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Voices of the Addicted Generation: Amy

San Francisco Bay Area, graduate student, 31

As Told to Madeleine Thomas


(Photo: Christopher Leaman)

Editor’s Note: This piece originally appeared in our July/August 2016 print issue as a sidebar to “The Addicted Generation.”

I started taking it in maybe sixth grade or seventh grade. I think I was 12. My parents took me to a psychologist, and they said that I had ADHD and just put me on drugs. I think I was on some form of Ritalin. I remember in junior high I had to go to the nurse’s office to take a pill every day. There was a stationery store on campus and I would get “school bucks” for the store to take my pill.

In high school I think I went on Adderall, and I stayed on Adderall until I was 25. I abused it a lot in college. I abused it a lot after college. I felt like I was kind of addicted to it.

“I abused it a lot in college. I abused it a lot after college. I felt like I was kind of addicted to it.”

In college, no one could afford to buy uppers, like drugs, so people would want to snort Adderall. They’d treat it like cocaine. Shut the back door and snort it. Sometimes we’d just get drunk and pop a pill. We wanted to party and wanted an upper.

Definitely around finals time, everybody was like, “Can I buy pills off you?” I would sell 15 pills a week during finals. Ten dollars a pill. I only had the blue 10 milligrams.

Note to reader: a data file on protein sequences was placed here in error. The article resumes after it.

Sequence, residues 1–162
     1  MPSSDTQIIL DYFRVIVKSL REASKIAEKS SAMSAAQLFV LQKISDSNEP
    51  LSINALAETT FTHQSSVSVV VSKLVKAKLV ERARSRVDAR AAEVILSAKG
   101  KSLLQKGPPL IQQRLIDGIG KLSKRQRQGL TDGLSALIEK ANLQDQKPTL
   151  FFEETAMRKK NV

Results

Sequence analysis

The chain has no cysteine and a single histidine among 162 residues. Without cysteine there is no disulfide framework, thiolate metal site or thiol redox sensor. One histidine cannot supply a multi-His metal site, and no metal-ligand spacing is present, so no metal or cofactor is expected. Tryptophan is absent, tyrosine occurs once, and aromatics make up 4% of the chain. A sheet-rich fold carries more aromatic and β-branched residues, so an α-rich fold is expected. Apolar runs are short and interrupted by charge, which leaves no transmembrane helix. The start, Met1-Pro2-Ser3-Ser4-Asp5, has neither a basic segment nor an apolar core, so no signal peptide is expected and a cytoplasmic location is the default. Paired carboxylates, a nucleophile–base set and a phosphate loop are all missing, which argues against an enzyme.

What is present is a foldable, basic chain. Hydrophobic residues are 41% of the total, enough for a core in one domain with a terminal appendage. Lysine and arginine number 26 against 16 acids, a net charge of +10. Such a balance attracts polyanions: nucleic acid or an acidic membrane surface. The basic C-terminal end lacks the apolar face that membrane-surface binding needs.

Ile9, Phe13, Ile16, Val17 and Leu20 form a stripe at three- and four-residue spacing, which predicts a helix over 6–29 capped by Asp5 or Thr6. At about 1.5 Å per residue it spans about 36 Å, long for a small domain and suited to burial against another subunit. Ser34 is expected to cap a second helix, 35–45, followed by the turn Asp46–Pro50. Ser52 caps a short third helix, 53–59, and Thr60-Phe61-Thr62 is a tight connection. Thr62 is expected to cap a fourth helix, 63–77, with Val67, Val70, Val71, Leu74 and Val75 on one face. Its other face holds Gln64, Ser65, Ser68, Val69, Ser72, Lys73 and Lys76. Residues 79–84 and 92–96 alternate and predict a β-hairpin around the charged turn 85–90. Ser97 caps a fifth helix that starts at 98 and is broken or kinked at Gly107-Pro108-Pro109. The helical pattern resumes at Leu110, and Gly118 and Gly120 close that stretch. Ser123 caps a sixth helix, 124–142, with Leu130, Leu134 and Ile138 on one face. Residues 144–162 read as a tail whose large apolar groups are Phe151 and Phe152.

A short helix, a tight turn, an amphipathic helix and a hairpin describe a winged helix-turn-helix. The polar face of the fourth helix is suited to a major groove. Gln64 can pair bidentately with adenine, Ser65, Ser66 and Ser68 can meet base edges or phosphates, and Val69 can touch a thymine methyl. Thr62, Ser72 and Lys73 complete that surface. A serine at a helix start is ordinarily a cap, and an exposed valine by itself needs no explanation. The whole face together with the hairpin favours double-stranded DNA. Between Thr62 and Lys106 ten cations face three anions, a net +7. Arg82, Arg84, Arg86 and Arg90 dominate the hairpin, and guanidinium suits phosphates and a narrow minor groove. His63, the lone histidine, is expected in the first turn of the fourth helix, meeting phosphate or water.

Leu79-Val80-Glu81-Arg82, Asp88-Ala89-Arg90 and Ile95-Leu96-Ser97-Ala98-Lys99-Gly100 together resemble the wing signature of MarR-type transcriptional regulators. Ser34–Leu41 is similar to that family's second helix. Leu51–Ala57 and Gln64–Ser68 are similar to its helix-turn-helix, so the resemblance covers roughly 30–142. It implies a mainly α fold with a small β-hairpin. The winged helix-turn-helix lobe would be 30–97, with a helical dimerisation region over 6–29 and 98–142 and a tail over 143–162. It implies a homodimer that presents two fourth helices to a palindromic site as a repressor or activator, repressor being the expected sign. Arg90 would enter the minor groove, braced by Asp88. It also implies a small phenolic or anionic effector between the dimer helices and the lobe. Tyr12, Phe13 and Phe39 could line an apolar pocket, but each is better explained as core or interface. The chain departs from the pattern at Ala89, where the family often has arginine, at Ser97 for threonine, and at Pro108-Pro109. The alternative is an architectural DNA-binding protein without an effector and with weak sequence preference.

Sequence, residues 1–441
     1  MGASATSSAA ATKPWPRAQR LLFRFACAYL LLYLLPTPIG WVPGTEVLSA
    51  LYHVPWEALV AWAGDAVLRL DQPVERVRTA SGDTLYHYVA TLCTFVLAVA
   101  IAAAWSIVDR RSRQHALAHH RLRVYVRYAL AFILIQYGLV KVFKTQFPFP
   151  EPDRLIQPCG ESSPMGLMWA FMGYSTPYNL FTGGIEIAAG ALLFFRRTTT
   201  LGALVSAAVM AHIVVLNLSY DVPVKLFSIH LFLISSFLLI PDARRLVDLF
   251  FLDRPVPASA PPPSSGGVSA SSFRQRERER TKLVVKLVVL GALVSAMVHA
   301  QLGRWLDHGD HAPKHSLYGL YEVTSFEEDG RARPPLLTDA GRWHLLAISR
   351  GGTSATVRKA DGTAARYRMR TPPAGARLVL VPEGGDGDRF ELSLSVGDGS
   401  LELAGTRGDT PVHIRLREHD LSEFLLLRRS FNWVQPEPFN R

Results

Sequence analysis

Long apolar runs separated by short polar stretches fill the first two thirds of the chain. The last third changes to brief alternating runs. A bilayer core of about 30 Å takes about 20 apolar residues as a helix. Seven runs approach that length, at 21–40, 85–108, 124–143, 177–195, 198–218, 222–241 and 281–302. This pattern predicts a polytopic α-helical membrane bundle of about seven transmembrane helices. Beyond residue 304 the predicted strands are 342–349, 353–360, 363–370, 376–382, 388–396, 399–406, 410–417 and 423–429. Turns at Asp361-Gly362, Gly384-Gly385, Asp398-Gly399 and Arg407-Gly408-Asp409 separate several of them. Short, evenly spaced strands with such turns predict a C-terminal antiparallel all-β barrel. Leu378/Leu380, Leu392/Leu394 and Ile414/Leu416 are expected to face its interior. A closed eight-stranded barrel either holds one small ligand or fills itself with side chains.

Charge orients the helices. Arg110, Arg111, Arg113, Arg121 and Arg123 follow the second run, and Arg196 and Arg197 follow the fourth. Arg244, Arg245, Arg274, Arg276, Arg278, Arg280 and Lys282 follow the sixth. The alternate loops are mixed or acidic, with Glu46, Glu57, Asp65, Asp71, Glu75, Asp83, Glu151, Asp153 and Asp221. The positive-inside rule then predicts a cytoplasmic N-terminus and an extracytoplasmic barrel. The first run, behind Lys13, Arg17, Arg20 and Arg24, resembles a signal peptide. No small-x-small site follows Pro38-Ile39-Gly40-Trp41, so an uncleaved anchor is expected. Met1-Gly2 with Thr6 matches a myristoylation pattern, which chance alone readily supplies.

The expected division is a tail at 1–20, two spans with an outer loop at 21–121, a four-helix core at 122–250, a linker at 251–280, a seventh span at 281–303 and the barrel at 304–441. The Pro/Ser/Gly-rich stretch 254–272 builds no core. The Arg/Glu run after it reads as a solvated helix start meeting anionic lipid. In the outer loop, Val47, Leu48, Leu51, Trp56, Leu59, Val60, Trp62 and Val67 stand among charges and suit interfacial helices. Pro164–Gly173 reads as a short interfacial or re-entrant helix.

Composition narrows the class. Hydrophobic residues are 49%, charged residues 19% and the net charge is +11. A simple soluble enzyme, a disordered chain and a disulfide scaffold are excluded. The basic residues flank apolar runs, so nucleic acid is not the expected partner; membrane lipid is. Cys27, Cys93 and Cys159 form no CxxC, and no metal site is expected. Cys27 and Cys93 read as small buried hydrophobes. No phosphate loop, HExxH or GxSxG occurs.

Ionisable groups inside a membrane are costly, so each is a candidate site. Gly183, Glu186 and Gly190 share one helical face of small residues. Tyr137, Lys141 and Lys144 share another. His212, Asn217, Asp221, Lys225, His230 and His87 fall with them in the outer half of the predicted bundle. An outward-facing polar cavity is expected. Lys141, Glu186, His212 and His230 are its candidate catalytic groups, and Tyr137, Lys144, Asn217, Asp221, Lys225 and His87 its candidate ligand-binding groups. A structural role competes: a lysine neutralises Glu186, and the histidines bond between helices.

I definitely had a pill cutter too. I remember someone stole pills from me once — in my house, out of my bathroom drawer.


A version of this story first appeared in the July/August 2016 issue of Pacific Standard.

But honestly, I think I used it more as an appetite suppressor. And to work out. I would go to the gym for two hours. I was always pretty thin because I played a bunch of sports in high school and college, but I think I got really skinny at one point. I was super neurotic about it. I would always carry the bottle around to count my pills to make sure I had everything. I felt I couldn’t function without it. I also smoked a lot of weed in college. I think that counterbalanced it. I think I had to, because I was taking so much Adderall.

I don’t take anything now at all. I go to the therapist — she is kind of therapy plus life coach, transitions and stuff. I also just know myself now. I have to have my day planned or I’ll easily get distracted. At six o’clock I’ll go to the gym — I have to tell myself that. If not, I’ll never do it. I’ll find myself somewhere else.

So many people in my graduate program take Adderall. This first-year had it just sitting out in the open the other day — a full bottle. She popped a pill while she was on her computer.

I was like: “Whoa. I would have never have done that. I won’t do that.” What if that’s how younger people are now? They’re just so used to taking pills.